Mr. President, on behalf of the American people, I also want to thank you for your personal efforts to strengthen the partnership between our countries.  We first met four years ago. I was a senator then; Nicolas was still running for President at the time, and I immediately came to admire your legendary energy —- and your enthusiasm for what our countries can achieve together. That was the spirit of your eloquent speech to Congress three years ago, which deeply moved many Americans.

Over the past year, the President and I have worked closely on numerous occasions. We respect one another and understand one another, and we share a belief that through bold yet pragmatic action, our generation can bend the arc of history toward justice and towards progress. And this shared commitment to solving problems allowed us to advance our common interests today.

We agreed to continue working aggressively to sustain the global economic recovery and create jobs for our people. And this includes, as we agreed with our G20 partners at Pittsburgh, to replacing the old cycle of bubble and bust with growth that is balanced and sustained. And this requires effective coordination by all nations. To that end, I updated the President on our efforts to pass financial reform, and I look forward to the Senate taking action on this landmark legislation so we never repeat the mistakes that led to this crisis.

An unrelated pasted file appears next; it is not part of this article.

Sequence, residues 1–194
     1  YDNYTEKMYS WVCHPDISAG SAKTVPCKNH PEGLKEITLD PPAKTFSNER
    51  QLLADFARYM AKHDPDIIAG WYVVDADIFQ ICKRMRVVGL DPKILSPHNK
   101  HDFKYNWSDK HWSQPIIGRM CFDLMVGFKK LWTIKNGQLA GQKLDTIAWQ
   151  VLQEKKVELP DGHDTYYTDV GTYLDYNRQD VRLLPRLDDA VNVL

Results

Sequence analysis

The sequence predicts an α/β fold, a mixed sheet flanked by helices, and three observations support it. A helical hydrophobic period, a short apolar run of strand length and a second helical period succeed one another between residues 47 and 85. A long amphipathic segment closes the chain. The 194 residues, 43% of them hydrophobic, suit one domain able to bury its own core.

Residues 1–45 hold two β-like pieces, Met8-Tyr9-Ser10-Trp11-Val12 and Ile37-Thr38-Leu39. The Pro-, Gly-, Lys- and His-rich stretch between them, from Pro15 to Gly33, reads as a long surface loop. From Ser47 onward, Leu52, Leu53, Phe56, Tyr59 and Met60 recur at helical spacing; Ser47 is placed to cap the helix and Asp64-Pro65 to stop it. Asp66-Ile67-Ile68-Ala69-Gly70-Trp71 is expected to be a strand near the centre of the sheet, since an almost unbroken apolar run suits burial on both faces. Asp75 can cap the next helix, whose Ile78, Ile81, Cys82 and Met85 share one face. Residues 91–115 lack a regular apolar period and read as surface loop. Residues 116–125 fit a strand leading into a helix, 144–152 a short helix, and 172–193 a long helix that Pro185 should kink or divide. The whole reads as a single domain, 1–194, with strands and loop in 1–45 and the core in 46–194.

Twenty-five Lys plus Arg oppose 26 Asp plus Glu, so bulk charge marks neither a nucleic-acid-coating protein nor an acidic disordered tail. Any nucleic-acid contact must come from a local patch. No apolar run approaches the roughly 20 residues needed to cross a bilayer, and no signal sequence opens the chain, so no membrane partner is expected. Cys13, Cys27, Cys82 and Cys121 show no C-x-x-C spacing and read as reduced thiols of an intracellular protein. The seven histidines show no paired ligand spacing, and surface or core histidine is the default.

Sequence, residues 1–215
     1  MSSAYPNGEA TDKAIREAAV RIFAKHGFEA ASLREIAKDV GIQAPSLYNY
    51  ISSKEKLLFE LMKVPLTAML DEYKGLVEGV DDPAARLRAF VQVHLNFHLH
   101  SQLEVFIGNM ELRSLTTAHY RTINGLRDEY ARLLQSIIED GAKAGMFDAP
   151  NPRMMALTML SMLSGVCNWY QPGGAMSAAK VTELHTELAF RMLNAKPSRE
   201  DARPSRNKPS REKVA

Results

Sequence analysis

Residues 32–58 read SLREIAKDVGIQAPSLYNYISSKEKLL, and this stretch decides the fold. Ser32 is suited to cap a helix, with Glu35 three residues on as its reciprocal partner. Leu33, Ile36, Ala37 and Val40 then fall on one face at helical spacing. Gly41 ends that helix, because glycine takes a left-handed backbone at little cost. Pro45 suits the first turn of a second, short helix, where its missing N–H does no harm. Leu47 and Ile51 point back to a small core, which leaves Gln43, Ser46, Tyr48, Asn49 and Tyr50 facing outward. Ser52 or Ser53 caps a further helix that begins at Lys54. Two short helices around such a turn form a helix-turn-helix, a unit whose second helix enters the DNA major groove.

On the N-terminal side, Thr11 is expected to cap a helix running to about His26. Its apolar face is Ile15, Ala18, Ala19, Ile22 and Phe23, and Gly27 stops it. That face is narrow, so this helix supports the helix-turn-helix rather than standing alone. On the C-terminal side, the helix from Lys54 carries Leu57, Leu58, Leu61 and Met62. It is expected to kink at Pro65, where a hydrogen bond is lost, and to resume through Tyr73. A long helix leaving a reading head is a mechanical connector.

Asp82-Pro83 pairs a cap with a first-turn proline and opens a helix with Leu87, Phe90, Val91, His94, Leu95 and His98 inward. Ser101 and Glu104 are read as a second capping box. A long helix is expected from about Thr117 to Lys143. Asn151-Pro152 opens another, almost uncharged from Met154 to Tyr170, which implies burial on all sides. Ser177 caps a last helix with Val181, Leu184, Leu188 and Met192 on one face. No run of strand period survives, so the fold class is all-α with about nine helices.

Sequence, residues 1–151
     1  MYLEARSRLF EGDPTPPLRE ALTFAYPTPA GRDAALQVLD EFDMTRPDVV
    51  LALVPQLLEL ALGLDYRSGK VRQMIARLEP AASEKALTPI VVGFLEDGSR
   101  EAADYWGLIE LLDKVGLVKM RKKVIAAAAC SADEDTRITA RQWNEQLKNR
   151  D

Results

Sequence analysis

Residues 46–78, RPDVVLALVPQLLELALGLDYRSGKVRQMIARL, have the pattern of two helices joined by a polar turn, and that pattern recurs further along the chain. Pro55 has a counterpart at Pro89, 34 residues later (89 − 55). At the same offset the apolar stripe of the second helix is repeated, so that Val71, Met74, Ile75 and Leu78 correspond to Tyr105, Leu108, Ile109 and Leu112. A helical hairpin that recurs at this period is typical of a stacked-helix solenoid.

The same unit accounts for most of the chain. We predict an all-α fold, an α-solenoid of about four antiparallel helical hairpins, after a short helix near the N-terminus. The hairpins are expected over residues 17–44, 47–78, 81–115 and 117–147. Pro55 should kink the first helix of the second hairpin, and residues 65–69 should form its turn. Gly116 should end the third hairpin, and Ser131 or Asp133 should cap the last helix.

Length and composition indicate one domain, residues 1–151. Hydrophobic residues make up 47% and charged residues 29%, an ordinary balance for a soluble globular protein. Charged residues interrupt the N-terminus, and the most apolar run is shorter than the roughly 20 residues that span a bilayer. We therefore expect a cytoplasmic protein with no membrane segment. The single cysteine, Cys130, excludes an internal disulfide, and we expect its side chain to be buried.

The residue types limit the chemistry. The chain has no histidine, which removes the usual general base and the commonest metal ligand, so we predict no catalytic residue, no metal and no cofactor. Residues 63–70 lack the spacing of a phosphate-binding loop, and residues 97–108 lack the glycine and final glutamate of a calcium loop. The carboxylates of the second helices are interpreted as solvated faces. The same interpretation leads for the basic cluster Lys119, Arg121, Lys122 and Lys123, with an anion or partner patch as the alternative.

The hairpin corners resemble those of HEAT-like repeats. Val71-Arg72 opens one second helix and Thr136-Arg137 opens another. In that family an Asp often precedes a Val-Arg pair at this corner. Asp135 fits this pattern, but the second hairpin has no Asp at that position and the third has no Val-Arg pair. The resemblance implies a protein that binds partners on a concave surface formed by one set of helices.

We must provide sufficient oversight so that reckless speculation or reckless risk-taking by a few big players in the financial markets will never again threaten the global economy or burden taxpayers. We must assure that consumers of financial products have the information and safeguards that they need, so their life savings are not placed in needless jeopardy. And that’s why I press for the passage of these reforms through Congress when they return, and I will continue to work with President Sarkozy and other world leaders to coordinate our efforts, because we want to make sure that whatever steps we’re taking, they are occurring on both sides of the Atlantic. 

We agreed that sustained and balanced growth includes rejecting protectionism.  France is one of our largest trading partners. And we need to expand global commerce, not constrain it.  With that regard, we think it’s important that Doha trade negotiations move forward this year, and we need all interested parties to push for a more ambitious and balanced agreement that opens global markets. And we look forward to France’s presidency of both the G8 and G20 next year. So Nicolas is going to be very busy.